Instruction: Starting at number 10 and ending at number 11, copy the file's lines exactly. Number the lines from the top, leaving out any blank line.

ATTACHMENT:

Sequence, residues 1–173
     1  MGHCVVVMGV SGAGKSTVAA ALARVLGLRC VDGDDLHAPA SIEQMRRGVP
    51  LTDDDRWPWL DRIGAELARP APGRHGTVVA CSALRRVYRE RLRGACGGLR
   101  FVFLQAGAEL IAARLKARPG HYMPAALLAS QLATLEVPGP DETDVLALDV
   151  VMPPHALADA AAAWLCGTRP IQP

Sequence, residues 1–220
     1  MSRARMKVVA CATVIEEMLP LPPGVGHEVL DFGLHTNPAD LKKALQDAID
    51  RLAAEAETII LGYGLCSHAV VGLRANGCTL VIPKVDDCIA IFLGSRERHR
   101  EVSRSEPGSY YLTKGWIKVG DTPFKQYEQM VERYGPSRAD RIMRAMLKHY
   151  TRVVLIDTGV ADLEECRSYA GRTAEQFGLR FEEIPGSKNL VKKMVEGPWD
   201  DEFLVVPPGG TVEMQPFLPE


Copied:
   151  TRVVLIDTGV ADLEECRSYA GRTAEQFGLR FEEIPGSKNL VKKMVEGPWD
   201  DEFLVVPPGG TVEMQPFLPE